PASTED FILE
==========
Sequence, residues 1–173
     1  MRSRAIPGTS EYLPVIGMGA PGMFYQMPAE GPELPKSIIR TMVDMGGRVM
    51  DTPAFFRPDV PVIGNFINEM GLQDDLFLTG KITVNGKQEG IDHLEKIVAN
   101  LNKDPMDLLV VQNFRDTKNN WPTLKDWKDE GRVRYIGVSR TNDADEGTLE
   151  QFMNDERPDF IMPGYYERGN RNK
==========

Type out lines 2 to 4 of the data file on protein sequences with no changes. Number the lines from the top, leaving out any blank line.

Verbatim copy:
     1  MRSRAIPGTS EYLPVIGMGA PGMFYQMPAE GPELPKSIIR TMVDMGGRVM
    51  DTPAFFRPDV PVIGNFINEM GLQDDLFLTG KITVNGKQEG IDHLEKIVAN
   101  LNKDPMDLLV VQNFRDTKNN WPTLKDWKDE GRVRYIGVSR TNDADEGTLE